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Body, Society, Space: The Experience of Blind Persons in Zagreb
APA 6th Edition
Šakaja, L. (2018). Body, Society, Space: The Experience of Blind Persons in Zagreb. Narodna umjetnost, 55 (2), 72-73. https://doi.org/10.15176/vol55no203
MLA 8th Edition
Šakaja, Laura. "Body, Society, Space: The Experience of Blind Persons in Zagreb." Narodna umjetnost, vol. 55, br. 2, 2018, str. 72-73. https://doi.org/10.15176/vol55no203. Citirano 05.02.2023.
Chicago 17th Edition
Šakaja, Laura. "Body, Society, Space: The Experience of Blind Persons in Zagreb." Narodna umjetnost 55, br. 2 (2018): 72-73. https://doi.org/10.15176/vol55no203
Šakaja, L. (2018). 'Body, Society, Space: The Experience of Blind Persons in Zagreb', Narodna umjetnost, 55(2), str. 72-73. https://doi.org/10.15176/vol55no203
Šakaja L. Body, Society, Space: The Experience of Blind Persons in Zagreb. Narodna umjetnost [Internet]. 2018 [pristupljeno 05.02.2023.];55(2):72-73. https://doi.org/10.15176/vol55no203
L. Šakaja, "Body, Society, Space: The Experience of Blind Persons in Zagreb", Narodna umjetnost, vol.55, br. 2, str. 72-73, 2018. [Online]. https://doi.org/10.15176/vol55no203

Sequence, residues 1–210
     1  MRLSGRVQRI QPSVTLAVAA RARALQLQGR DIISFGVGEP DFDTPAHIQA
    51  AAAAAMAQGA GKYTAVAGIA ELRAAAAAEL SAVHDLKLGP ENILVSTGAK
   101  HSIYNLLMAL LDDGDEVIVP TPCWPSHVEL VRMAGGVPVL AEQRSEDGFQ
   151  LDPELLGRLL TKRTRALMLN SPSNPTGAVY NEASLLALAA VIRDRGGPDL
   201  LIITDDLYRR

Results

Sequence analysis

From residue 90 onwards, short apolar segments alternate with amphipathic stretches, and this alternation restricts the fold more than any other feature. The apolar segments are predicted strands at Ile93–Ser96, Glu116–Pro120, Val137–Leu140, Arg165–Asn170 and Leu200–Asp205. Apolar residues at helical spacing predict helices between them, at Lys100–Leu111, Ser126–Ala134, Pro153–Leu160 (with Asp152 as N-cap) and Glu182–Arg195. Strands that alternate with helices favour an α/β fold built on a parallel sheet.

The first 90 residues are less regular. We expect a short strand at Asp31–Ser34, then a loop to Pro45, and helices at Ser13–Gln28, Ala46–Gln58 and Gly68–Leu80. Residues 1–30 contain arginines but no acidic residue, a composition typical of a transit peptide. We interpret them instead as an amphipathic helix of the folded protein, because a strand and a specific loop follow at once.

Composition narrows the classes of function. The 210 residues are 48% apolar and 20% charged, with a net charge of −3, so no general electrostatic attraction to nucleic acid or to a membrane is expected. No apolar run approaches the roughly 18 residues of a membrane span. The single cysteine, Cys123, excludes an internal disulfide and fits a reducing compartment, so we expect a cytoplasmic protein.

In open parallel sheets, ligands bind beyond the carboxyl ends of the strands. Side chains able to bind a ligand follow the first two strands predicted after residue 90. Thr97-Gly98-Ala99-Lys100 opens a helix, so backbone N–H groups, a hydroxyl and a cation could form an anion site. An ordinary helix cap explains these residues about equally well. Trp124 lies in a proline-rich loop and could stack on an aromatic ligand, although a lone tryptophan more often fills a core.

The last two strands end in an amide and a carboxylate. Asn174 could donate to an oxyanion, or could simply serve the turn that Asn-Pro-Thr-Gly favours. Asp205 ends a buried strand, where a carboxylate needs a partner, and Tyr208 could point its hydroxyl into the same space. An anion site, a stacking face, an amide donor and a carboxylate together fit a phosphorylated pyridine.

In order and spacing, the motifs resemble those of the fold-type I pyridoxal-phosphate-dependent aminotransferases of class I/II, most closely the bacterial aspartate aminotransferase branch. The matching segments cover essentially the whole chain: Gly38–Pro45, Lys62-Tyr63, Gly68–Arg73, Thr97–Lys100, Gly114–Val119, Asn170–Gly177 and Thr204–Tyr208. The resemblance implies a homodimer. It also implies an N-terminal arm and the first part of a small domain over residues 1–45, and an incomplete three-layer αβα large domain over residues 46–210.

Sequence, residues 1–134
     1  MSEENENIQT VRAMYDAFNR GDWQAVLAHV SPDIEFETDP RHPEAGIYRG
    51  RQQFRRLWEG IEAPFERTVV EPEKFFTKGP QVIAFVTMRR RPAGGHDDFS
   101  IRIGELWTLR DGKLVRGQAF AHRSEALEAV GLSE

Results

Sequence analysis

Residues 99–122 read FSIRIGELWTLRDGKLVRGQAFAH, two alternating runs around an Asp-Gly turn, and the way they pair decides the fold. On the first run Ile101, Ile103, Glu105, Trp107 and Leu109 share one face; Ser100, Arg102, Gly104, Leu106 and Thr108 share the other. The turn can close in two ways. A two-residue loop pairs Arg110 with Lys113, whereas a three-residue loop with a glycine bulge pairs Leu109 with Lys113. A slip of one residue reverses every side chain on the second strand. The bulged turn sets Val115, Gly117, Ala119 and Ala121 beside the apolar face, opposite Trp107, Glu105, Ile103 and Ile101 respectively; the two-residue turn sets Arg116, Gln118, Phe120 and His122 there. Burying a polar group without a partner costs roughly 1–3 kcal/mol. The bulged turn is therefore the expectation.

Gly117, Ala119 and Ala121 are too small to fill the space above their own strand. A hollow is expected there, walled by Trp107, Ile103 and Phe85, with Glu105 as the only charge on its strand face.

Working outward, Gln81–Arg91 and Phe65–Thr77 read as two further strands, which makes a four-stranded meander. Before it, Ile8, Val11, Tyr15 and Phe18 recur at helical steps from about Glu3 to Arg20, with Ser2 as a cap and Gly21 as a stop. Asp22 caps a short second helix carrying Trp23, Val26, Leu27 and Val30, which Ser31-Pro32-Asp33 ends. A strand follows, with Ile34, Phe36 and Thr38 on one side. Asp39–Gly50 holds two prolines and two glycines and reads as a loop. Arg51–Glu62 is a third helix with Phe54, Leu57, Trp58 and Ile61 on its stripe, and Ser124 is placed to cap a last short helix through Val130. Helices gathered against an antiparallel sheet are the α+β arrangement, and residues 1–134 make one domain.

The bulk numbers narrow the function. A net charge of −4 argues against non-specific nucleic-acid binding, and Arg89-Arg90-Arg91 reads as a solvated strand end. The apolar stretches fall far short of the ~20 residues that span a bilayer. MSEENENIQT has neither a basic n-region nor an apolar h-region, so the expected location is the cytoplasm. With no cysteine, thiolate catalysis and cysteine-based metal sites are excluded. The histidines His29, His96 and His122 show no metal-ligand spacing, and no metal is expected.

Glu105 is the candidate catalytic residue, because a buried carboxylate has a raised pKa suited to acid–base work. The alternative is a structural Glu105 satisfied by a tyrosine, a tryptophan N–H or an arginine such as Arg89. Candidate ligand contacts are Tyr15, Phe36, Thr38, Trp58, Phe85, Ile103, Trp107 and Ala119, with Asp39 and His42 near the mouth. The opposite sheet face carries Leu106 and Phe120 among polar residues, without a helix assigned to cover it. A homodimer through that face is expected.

This article presents selected results of an interview study conducted with blind and visually impaired persons in Zagreb. It demonstrates that the experience of a blind person in the public spaces of a city is part of the interaction between the person’s own body, the physical characteristics of the urban environment and the dominating social discourses about blind persons. In this interaction, the social and the bodily are interconnected. The first part of the paper discusses the spatiotemporal dimension of mobility of blind persons in an urban space. The analysis shows that the city structure, its design, infrastructure, which have primarily been designed for people without physical disabilities, influence the spatiotemporal models of the movement of blind persons, which is reflected in the fact that their movement is restricted to a limited number of routes and time rhythms which are in consonance with the body and its limitations and possibilities. In the second part, the article focuses on stereotypes. The following characteristics of widespread stereotypes about blind persons emerge: a) the stereotype that identity of a blind person is limited to his/her blindness; b) the stereotypical attribution of certain “unusual” characteristics to blind persons; c) the stereotypical underestimation of the ability of blind persons to complete everyday tasks; d) and a stereotypical generalization of the blind person’s inability to see into the assumption about his/her general inability. These stereotypes which transform a bodily characteristic into social imagery materialize as social obstacles which blind persons face. These conclusions are arguments in favor of a model of disability that would recognize the reality of a body with physical disabilities, at the same time ensuring a just and nondiscriminatory social frame in which the abilities of persons with disabilities could be freely realized.
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